10 minutes | Oct 15, 2020
Episode 6: Gene editing
Since the arrival of Crispr in 2009, gene editing has made its way into labs. Its groundbreaking importance was acknowledged through the 2020 Nobel Prize in Chemistry. Expanding gene editing for medical treatments, Cellectis focuses its 20 years of experience on developing cancer immunotherapies.Curious to Know More?Cellectis CEO André Choulika explains the technology of allogenic gene editing they invented in this episode of the podcast "A View On."
10 minutes | Sep 21, 2020
Episode 5: Therapy administration and its safety
In 2016 Lonza established its Drug Product Services (DPS) to realize this supply chain model for its partners and clients. Since then the DPS has grown to a workforce of over 250 experienced experts focused on safety, efficacy and quality. To ensure that Lonza’s pharmaceuticals perform as expected in real-world situations, the DPS team simulates the entire administration process until certain the patient will receive the correct dose of the highest quality.
9 minutes | Aug 19, 2020
Episode 4: Cannabinoid science
Cannabinoids are emerging as a treatment option for autoimmune and other immune-related diseases thanks to their modifications as synthetic derivatives. Emerald Health Pharmaceuticals has widened the potential application of cannabinoids by designing cannabidiol and cannabigerol derivatives that have a greater effect on the endocannabinoid system and can interact with receptors and pathways from other biosystems. Alain Rolland, COO of EHP, talks about using cannabinoids for unmet medical needs.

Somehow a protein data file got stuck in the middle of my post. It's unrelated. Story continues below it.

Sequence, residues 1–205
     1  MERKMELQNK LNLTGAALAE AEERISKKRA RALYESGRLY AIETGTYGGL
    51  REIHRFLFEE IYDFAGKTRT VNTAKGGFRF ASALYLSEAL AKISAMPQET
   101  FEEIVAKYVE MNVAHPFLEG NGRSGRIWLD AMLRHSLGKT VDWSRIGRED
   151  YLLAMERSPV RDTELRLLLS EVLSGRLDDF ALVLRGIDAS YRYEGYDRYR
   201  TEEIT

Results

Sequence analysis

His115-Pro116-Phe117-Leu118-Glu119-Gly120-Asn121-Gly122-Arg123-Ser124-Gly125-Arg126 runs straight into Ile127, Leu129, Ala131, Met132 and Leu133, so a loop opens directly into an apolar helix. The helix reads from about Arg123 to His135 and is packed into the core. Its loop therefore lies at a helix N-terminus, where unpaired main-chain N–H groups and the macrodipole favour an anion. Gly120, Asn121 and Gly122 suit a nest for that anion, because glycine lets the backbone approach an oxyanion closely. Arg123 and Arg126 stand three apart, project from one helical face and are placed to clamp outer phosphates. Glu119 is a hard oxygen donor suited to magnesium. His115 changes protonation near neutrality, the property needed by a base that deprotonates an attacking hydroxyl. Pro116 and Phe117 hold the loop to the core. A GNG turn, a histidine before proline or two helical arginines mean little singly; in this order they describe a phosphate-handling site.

10 minutes | Jul 19, 2020
Episode 3: Mesenchymal stem cells for COVID-19 treatment
Mesoblast CEO Dr. Silviu Itescu speaks to Lonza about the company’s advanced portfolio of anti-inflammatory allogeneic cellular medicines including remestemcel-L, which is currently being evaluated in a U.S. Phase 3 randomized controlled trial for acute respiratory distress syndrome (ARDS), the principal cause of mortality due to COVID-19 infection.
9 minutes | Jun 28, 2020
Episode 2: Cell-penetrating peptides for cancer treatment
One of the limitations of cancer therapy is off-target activity, which often has devastating effects on patients’ life quality. A novel strategy pursued by Cybrexa Therapeutics uses treatments specifically targeting solid tumors by taking advantage of one of their universal biomarkers – acidity. By using cell-penetrating peptides bearing an anticancer cargo load, their platform brings the treatment directly inside tumors, leaving healthy cells alone and minimizing bystander killings.
8 minutes | Jun 22, 2020
Episode 1: Bioprinting
Scientists have been printing cells for decades, but with the arrival of 3D bioprinters, getting printed tissue models to behave like living tissue has proved elusive. That is why angiogenesis and vascularization are two holy grails of 3D bioprinting. Allevi is not stopping at Earth-bound breakthroughs. The US company has also secured funding for simultaneous bioprinting experiments on the International Space Station.